Wild turkey numbers decreased dramatically as a result of habitat loss and hunting, but today they are seen as a true conservation success story thanks to the efforts of dedicated scientists, officials, and everyday citizens.. They are usually found in forested and woodland habitats, although they can be found in a variety of environments across their range, including riverine and swamp areas and even the outskirts of suburban areas.. Wild Turkeys are generally found in woodland habitats. Wild Turkeys are widespread in the United States, absent only from parts of the north, west, and Pacific Northwest.. Male wild turkeys (Meleagris gallopavo) eating in a Wisconsin field in autumn. Gould’s wild turkey is a large subspecies that only just enters the United States in Arizona and New Mexico.. Some areas of the conterminous United States are just not suitable for the species, however.. Wild turkeys are absent from large parts of the following central and western states:. Wild Turkeys are most common in the central and eastern parts of the United States.. Wild turkeys nest on the ground.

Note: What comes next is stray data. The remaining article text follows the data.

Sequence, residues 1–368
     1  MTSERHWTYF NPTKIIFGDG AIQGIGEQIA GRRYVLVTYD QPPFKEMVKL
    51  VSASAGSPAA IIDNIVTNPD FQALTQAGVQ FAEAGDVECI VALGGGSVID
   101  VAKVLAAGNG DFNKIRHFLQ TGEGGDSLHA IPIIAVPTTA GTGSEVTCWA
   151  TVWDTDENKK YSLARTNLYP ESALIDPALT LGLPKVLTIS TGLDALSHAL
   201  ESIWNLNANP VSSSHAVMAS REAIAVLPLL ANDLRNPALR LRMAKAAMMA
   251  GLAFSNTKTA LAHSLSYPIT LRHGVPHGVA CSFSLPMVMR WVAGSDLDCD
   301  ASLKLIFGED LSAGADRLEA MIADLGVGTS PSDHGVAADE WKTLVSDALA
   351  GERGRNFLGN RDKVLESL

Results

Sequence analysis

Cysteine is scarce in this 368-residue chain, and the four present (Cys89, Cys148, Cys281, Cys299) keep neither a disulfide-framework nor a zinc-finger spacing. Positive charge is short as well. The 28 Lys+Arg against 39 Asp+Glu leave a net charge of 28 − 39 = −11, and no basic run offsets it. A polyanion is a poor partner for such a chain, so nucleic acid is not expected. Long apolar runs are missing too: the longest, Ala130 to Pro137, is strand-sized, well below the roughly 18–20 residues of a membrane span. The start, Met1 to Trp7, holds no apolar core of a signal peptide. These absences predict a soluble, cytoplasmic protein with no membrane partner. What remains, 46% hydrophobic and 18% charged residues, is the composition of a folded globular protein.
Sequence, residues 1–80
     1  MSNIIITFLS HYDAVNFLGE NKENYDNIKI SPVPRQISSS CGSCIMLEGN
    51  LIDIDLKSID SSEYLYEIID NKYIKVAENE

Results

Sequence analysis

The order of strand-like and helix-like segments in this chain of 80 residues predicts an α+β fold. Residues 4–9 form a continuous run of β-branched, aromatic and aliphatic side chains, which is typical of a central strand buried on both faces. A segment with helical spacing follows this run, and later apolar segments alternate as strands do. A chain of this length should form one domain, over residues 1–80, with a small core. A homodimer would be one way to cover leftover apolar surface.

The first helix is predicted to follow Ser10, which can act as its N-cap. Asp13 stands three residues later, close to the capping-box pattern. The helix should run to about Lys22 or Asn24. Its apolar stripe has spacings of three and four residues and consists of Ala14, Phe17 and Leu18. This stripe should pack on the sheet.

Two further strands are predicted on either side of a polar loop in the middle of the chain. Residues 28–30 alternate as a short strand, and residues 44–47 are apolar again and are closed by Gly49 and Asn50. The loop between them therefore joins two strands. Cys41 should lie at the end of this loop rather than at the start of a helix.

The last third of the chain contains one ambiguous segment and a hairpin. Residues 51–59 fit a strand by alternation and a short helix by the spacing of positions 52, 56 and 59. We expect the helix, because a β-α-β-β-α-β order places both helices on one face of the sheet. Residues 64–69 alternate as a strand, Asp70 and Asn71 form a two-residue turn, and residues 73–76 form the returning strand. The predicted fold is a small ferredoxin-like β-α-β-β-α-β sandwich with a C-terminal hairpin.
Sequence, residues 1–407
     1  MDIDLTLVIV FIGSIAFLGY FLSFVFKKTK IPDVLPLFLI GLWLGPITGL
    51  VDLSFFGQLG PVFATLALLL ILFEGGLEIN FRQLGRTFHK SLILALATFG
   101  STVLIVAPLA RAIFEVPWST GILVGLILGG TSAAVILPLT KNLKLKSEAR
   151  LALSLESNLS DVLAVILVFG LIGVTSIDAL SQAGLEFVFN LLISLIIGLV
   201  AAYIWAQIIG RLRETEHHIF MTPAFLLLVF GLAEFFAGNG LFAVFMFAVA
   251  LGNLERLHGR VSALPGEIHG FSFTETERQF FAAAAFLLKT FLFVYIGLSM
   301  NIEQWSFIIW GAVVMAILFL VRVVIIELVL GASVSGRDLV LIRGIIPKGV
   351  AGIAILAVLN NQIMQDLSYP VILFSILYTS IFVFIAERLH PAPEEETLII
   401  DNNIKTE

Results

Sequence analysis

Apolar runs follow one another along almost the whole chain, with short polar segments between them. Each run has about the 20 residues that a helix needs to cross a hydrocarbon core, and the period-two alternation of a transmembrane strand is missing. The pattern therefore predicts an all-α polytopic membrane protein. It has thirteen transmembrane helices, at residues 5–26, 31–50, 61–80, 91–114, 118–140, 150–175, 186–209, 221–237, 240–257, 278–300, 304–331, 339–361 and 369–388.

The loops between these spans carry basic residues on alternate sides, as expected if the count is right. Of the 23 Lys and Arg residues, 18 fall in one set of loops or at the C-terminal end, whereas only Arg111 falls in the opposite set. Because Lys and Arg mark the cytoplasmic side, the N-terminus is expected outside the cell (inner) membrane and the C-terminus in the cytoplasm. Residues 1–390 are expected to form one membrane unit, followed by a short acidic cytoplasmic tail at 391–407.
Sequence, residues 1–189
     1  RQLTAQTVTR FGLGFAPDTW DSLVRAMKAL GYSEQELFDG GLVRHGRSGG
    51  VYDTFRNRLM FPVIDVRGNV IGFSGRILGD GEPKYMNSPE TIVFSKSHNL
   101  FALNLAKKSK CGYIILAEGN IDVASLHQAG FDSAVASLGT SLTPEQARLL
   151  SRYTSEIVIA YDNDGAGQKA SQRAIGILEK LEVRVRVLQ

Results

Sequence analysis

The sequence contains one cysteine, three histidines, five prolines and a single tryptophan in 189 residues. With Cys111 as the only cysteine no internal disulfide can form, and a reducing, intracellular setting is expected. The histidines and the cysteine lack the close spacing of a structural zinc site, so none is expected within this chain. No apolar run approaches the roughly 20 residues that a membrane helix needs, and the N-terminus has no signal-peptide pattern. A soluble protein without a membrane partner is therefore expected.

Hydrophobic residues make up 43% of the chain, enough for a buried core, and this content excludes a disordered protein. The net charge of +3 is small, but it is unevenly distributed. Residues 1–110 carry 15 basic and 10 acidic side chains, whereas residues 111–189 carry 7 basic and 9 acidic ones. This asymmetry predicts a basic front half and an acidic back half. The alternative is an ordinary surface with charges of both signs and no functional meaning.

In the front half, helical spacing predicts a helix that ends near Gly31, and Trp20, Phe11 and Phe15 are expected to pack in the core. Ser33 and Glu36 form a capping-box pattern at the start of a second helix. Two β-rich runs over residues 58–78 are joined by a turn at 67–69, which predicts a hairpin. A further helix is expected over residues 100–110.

The wild turkey bird is familiar, but do you know its crazy history, from being honored as a god to becoming endangered and then visiting the White House?